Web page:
China builds more amicable, vibrant neighborhood with Belt and Road Initiative



With the formal establishment of the Asian Infrastructure Investment Bank on Christmas Day, China's drive to advance the Belt and Road Initiative is wrapping up a year of fruitful progress, particularly in its neighborhood.

The Belt and Road Initiative, which comprises the Silk Road Economic Belt and the 21st Century Maritime Silk Road, was brought up by Chinese President Xi Jinping in 2013, with the aim of building a trade and infrastructure network connecting Asia with Europe and Africa along the ancient Silk Road routes.

The vision, once realized, will directly benefit 4.4 billion people, or 63 percent of the global population.

So far, over 60 countries and international organizations have expressed interest in active involvement in the construction of the Belt and the Road, while a number of major bilateral and multilateral projects have been under way.

As many of China's neighbors are located along the routes, they will be not only primary partners of cooperation, but also major beneficiaries of the initiative, which fully embodies the fundamental principles of Beijing's neighborhood diplomacy: amity, sincerity, mutual benefit and inclusiveness.

A chorus, not a solo

Since the formulation of the Belt and Road Initiative, especially since the beginning of this year, Chinese leaders have been working hard to align the vision with the development strategies of its neighbors, such as the Russia-led Eurasian Economic Union (EEU) and the ASEAN Community, so as to promote common development and win-win cooperation.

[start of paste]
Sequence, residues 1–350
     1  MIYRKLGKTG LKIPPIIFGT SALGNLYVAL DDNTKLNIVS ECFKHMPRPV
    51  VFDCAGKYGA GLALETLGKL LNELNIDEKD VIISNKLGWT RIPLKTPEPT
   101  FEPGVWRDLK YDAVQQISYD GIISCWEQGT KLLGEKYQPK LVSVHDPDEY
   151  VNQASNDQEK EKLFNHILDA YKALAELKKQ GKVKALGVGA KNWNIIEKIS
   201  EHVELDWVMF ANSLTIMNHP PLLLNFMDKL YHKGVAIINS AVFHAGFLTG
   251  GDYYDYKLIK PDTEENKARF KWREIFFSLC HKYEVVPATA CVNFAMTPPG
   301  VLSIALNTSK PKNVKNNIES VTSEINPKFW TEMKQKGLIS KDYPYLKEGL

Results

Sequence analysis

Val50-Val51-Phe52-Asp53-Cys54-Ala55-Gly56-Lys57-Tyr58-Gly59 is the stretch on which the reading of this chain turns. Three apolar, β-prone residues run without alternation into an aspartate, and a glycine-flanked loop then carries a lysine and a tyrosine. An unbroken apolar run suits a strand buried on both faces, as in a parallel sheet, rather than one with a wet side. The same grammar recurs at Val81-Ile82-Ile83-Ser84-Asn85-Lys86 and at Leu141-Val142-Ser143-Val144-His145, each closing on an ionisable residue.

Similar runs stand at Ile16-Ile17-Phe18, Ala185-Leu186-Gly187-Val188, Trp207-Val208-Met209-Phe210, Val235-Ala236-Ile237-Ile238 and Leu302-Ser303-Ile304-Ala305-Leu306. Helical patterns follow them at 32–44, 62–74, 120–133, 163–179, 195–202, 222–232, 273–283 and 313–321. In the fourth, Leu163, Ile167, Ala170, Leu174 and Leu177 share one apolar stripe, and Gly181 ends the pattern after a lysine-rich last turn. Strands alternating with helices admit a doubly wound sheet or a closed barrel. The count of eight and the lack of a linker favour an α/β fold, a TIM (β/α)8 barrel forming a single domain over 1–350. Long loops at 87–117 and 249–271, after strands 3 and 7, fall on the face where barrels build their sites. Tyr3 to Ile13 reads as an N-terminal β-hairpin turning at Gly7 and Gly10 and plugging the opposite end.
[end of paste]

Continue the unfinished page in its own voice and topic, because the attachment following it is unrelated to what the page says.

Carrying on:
Noting that the initiative will not be a solo for China but a real chorus of all countries along the routes, Xi said in March that it will serve the common interests of relevant parties and answer the call of the times for regional and global cooperation.

Countries across the region have reacted positively to China's proposals.

Pakistan, which lifted its ties with China to an all-weather strategic partnership of cooperation during a visit by Xi in April, was among the first to join the framework, pledging to participate in the building of an economic corridor linking its Gwadar Port in the southwest to China's northwestern autonomous region of Xinjiang.

The two countries have agreed to form a "1+4" cooperation structure -- with the China-Pakistan Economic Corridor (CPEC) at the center and the Gwadar Port, transport infrastructure, energy and industrial cooperation being the four key areas -- to achieve win-win results and common development.

Amanullah Khan, chairman of the Pakistan-China Business and Investment Promotion Committee, said that since Xi put forward the Belt and Road Initiative, the region has seen a new wave of economic development.

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